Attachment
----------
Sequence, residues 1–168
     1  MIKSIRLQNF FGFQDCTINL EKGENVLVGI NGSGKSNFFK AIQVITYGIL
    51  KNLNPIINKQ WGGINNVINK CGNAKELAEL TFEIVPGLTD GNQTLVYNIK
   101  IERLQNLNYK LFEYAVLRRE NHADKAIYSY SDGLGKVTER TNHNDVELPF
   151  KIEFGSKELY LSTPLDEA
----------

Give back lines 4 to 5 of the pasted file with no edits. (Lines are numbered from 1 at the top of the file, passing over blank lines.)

   101  IERLQNLNYK LFEYAVLRRE NHADKAIYSY SDGLGKVTER TNHNDVELPF
   151  KIEFGSKELY LSTPLDEA